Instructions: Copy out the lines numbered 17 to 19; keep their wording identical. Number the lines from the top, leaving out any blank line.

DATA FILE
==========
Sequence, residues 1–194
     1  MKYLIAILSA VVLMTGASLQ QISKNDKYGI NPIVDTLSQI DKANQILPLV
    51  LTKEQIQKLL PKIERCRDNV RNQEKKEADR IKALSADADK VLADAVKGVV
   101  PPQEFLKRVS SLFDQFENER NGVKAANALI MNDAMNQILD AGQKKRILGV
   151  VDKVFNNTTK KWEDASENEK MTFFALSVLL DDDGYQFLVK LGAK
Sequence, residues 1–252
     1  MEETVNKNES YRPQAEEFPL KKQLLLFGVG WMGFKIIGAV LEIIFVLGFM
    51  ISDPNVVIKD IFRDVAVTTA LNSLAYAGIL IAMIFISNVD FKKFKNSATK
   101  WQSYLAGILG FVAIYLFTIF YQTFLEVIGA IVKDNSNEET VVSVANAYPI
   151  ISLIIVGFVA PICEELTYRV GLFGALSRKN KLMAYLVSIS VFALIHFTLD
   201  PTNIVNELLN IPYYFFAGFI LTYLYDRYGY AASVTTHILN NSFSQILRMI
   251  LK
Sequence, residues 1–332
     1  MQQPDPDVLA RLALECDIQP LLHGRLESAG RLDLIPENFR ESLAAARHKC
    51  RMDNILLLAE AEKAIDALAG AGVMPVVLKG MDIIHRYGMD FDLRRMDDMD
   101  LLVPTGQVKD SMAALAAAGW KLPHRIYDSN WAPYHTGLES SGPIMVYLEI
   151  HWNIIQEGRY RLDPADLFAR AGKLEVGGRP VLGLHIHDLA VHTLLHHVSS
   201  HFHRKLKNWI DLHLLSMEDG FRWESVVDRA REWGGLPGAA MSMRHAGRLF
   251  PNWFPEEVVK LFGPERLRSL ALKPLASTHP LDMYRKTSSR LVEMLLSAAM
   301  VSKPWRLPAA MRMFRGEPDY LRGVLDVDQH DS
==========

   151  HWNIIQEGRY RLDPADLFAR AGKLEVGGRP VLGLHIHDLA VHTLLHHVSS
   201  HFHRKLKNWI DLHLLSMEDG FRWESVVDRA REWGGLPGAA MSMRHAGRLF
   251  PNWFPEEVVK LFGPERLRSL ALKPLASTHP LDMYRKTSSR LVEMLLSAAM